In The Paddock Column

Cycle News In The Paddock



Dorna’s aim at making the racing closer has been thrillingly successful. But making it so close can make fools out of heroes. Here are some examples. Honda, Yamaha, Quartararo. And the panel of stewards.

Honda is paying the price of having one super-strong rider who then got hurt. Development concentrated on Marc’s extraordinary abilities, which left a machine with shortcomings that only he could ride around. Most of the time.

His prolonged and frequent absences since 2020 left the most successful racing manufacturer scrabbling to find technical direction.

Short of grip, acceleration and, as a consequence, good speed, the bike has left Marc in full-risk mode, as demonstrated all too painfully in the opening round in Portugal, when a crash under braking wiped him and Oliveira out and left him out of action for the next three races. And again in his return at Le Mans, when another front-end fail ended a convincing run to the podium.

Marc Marquez asks, “what are you complaining about?!” (not really) to Bagnaia. But in all seriousness, the riders have not been happy with the Stewards this year.

At least three new factory chassis have obviously not given the bike the balance it needs, while new factory teammate Joan Mir is continuing the crash-crash-crash disaster.

Hence the commissioning of a chassis from the dominant Moto2 specialists Kalex. Whether this is admitting their own designers have run out of ideas or conversely a clever way of short-cutting research, it is almost unprecedented for Honda.

But not quite.

Honda has twice previously had to face being more of an engine than a chassis company.

The first time was in the 1960s, for another timeless racing genius, Mike Hailwood. Narrowly defeated on Honda’s first 500 by Agostini’s MV in 1966 and 1967. Mike dubbed the fast but clumsy bike a camel.

Honda quit GPs at the end of 1967, banning Mike from the championship, but allowing him to contest big-money international races. During 1967 he’d already commissioned and tested a Colin Lyster frame. For 1968 came a chassis by Ken Sprayson, using Reynolds 531 tubing, for two early-season races in Italy. He won one, and was second in the other, after falling and remounting. He never raced the 500 Honda again.

That was unofficial. The factory went shopping on their own account in 1980, the second year of the doomed but still marvelous attempt to beat the pesky two-strokes with the ambitious 20,000-rpm oval-piston NR500. The first monocoque “clamshell” monocoque chassis was an awkward failure, so again British technology was sought, this time from Ron Williams of Maxton.

Good handling couldn’t overcome the ultra-complex bike’s other shortcomings.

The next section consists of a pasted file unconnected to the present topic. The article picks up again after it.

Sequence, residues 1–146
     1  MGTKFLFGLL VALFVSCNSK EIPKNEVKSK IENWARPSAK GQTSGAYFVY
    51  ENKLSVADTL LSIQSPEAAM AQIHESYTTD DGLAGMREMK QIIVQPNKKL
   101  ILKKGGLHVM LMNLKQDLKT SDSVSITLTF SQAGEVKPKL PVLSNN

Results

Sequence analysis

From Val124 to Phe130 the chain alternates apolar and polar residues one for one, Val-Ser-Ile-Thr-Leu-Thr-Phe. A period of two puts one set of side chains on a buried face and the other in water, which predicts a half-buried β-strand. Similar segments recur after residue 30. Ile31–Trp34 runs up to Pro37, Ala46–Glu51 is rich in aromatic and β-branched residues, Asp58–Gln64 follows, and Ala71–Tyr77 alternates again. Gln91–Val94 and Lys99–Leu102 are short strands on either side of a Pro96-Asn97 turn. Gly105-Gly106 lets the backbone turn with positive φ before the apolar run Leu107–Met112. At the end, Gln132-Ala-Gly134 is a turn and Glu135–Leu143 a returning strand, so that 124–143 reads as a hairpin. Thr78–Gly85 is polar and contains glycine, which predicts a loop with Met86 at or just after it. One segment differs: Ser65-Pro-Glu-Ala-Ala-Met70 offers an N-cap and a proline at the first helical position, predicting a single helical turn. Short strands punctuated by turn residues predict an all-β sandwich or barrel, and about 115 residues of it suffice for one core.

So, to 2023, and to German engineers. The Kalex chassis appeared first in post-Jerez tests, and again at the next race at Le Mans, where a stupendous effort by Marquez came within a lap-and-a-half of a podium. Too soon to hail a breakthrough, too late to offer title chances this year. But encouraging all the same.

Having scrutinized how Yamaha’s difficulties have undermined their superhuman star Quartararo a fortnight ago and watching as the trend continued in the French GP, I don’t want to labor the point.

His struggles are painful. His ability to qualify well has gone, and his struggles in mid-pack off the line have seen more prangs than passes, race after race ruined.

The rider’s comments have also become familiar over the past year and more. He explains that while the Yamaha has improved, the others have improved more. And that having to over-ride a bike lacking acceleration has overcome its strong point of corner stability.

So, let’s rather return to the question of Freddie Spencer’s Stewards Panel, who’s special by-invitation visit to the Le Mans riders’ safety meeting did nothing to reverse the growing chorus of complaint. Inconsistent penalties and a lack of transparency were the complaints; the response answered neither. Nor a third one, about pettifogging rules interfering with race results.

His struggles are painful. His ability to qualify well has gone, and his struggles in mid-pack off the line have seen more prangs than passes, race after race ruined.

The panel would examine every single collision and then use its judgement for appropriate sanctions, riders were told. Every touch, no matter how inadvertent or innocuous, would be likely to attract a penalty.

With no further explanation necessary. The panel will exercise its judgement, and it is not to be questioned.

Conversely, however, they are not prepared to exercise judgement in another matter, which frequently affects race results, and often clearly unfairly. In this case, electronics take over from humanity.

This is the automatic “Lose One Place” sanction for exceeding track limits on the last lap, nowadays even by a millimeter, thanks to electronic monitoring equipment.

The penalty applies whether or not the rider gained any advantage. And in a tight battle it’s easy to stray unintentionally, more often by force of circumstances than by intention.

Surely this is an area where considered judgement would be valuable.

Or are the stewards determined to make fools out of heroes, at the risk of the same thing happening to them? CN

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